The gas fuelled huge tandoor in Mohd Hanif Bakery resembles a raging volcano


Tandoori naan stuffed with aloo – the happiness is in the stuffing and the slather of Dalda

Mohd Hanif Bakery: Our next stop was at this Afghani Bakery in Al Mareija – an eating hole making its presence felt by the aroma of their sheer heaven stuffed Tandoori naans or flat breads! Tremendous heat emanating from the huge gas Tandoor is compensated by the naans clinging with all their life inside the walls of the tandoor – so as to be cooked with love and tenderness followed by a slathering of Dalda (I checked… not ghee, Dalda is a popular brand of hydrogenated vegetable oil used in India) before it is eventually served to the hungry onlookers – us!


The man at the counter at the sweet shop is unperturbed with all the chaos that surrounded him with colourful sweets, innumerable questions and flash bulbs

Al Rolla Sweets: Still in the same Al Mareija area, our next destination is a Gujarati sweet and snacks shop where Arva has already made her final selection for us, after having done several tasting sessions. Here we taste the saffron flavoured peda which is more like a milk fudge made with khoya – a thick reduced form of milk, ghee or clarified butter and refined sugar!


Salmiyah Nuts which has been here in the heart of Zam Zam market for the last 40 years

Salmiyah Nuts: ‘This is of the bounty of my Lord’. An acknowledgment of this eternal truth is probably all it takes to turn something ordinary into a legend. Salmiyah Nuts today is a Sharjah heritage and an institution that has been in existence for the last 40 years. Set in the pavement by a parking lot surrounded by high-rises, this is where traffic comes to a stand still in the evenings as the shutters roll up. The kiosk cum street shop turns into a culinary destination with people queuing up to buy delicate chickpeas coated in different flavours – both sweet and salted. Ali, the founder of Salmiyah Nuts started his business 40 years ago when he would sell special baby chickpea brought from Iran in his wheel barrow. Eventually the municipality confiscated his cart and the Sharjah Ruler built this kiosk  for him which resembles a fort. Although there is a sense of pride, Sadat Anwar, Ali’s son has no arrogance and serves all customers humbly. He does make a reference to the fact that their roasted nuts are not only popular amongst Sharjah residents but also ministers and dignitaries.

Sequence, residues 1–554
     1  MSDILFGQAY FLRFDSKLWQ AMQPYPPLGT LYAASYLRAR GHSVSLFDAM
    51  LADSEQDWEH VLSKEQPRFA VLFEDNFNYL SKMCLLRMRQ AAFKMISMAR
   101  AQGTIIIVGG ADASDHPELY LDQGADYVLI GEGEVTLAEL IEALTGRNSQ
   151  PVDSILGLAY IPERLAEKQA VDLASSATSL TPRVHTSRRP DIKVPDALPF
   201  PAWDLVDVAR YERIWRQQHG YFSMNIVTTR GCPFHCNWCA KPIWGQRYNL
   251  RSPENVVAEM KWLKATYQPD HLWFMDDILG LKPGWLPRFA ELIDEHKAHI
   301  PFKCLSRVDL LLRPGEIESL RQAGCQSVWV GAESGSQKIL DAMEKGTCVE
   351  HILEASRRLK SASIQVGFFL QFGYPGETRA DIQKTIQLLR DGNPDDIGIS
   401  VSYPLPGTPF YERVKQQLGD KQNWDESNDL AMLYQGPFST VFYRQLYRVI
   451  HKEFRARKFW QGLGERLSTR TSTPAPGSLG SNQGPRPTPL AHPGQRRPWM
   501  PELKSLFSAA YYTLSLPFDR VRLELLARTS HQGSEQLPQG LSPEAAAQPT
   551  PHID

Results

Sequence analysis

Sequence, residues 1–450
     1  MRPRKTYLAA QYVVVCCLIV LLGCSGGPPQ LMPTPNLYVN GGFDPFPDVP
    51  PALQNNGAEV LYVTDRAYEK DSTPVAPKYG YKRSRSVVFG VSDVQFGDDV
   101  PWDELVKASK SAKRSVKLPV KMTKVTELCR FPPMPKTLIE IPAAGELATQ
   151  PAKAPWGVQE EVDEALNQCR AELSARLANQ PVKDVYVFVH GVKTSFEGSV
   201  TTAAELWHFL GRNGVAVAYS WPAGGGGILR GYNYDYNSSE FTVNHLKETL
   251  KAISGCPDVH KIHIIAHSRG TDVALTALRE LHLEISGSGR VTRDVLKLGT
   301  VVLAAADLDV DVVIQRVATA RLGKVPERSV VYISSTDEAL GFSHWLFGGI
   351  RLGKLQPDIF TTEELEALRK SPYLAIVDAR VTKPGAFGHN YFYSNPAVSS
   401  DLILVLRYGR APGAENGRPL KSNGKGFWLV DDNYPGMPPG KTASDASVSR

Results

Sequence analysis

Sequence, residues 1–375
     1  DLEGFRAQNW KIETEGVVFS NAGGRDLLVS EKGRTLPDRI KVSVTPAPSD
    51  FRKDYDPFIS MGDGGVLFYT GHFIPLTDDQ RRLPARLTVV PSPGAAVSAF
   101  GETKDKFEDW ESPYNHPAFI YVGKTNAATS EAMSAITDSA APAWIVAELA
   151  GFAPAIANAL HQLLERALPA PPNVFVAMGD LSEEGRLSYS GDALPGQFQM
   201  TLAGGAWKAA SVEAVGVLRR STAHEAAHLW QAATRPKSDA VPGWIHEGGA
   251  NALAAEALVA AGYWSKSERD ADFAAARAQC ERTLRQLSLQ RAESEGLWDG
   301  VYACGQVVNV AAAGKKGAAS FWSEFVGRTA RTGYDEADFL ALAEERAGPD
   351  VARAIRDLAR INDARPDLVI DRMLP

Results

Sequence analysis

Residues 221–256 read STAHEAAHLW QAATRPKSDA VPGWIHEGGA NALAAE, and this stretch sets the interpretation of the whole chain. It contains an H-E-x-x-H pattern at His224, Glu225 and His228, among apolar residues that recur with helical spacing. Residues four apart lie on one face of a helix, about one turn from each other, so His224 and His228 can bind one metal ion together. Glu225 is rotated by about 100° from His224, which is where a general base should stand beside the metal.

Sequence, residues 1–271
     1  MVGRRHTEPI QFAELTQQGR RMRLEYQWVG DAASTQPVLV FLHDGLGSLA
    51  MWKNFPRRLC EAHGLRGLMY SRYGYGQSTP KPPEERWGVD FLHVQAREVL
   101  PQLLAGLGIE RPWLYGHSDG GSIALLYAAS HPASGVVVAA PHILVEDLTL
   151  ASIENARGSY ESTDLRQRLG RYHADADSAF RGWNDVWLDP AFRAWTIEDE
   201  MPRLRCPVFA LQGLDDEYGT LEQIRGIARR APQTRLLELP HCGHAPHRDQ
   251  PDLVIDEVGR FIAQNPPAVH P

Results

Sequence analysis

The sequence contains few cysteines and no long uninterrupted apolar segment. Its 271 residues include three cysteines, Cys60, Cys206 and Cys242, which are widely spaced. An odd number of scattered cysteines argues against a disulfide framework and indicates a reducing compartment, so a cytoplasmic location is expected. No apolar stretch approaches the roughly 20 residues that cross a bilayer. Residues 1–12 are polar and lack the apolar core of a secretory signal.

Zam Zam restaurant which is very popular with the Afghans and the locals


Kulfis that resemble a work of art in Cafe Khezana


Kulfi served with Falooda and Rabdi

Cafeteria Khezana: Our last stop is the 15 year old Pakistani cafeteria for deliciously divine thick and creamy Kulfis. While others opt for Kulfi sticks that are judiciously divided into two (one half for each health conscious group member), I opt for the Kulfi and Falooda version – the one that is made even richer and calorie-laden with the addition of creamy Rabdi and a thick sweet syrup made with Basil seeds. Overwhelming and intoxicating – this rich crowning dessert is neither for the fainthearted nor the artery clogged heart! Caféteria Khezana seems to be popular with its savoury chaats – a street snack variation from the subcontinent – but that’s for my next visit.

As we walked back and our tour was nearing the end, stories never ceased. Arva and Fatima told us how the entire area would be restored into heritage sites as underneath most of the high rises lay the foundation to the original city of Sharjah or the ruling families’ homes. Among other interesting things, Arva showed us a circular structure – probably the only round wind tower in the region. We also learn about Sharjah Institute for Theatrical Arts that is now a popular cultural venue for drama shows, drama training and theatrical workshops.


A Gujrati lunch thaali in… well, Arva wants to keep the venue as a surprise!